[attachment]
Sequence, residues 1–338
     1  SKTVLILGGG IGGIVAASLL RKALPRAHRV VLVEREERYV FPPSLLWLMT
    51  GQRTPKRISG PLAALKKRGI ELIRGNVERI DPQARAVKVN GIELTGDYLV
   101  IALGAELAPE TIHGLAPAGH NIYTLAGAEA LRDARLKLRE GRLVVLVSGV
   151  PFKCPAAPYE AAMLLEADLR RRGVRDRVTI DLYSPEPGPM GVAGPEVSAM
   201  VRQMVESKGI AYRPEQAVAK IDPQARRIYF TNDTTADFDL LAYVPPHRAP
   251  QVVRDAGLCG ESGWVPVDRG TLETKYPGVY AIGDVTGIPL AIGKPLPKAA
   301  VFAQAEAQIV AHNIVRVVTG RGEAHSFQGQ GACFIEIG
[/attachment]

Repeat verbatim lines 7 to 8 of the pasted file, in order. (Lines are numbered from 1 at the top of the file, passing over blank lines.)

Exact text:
   251  QVVRDAGLCG ESGWVPVDRG TLETKYPGVY AIGDVTGIPL AIGKPLPKAA
   301  VFAQAEAQIV AHNIVRVVTG RGEAHSFQGQ GACFIEIG